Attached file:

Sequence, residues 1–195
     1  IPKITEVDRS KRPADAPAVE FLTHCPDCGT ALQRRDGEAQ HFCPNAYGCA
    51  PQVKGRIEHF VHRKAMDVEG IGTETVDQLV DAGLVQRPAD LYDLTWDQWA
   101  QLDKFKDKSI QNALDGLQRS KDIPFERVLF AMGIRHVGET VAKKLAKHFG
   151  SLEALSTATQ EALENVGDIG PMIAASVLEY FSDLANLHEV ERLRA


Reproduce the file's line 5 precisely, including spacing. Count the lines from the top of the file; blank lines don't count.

   151  SLEALSTATQ EALENVGDIG PMIAASVLEY FSDLANLHEV ERLRA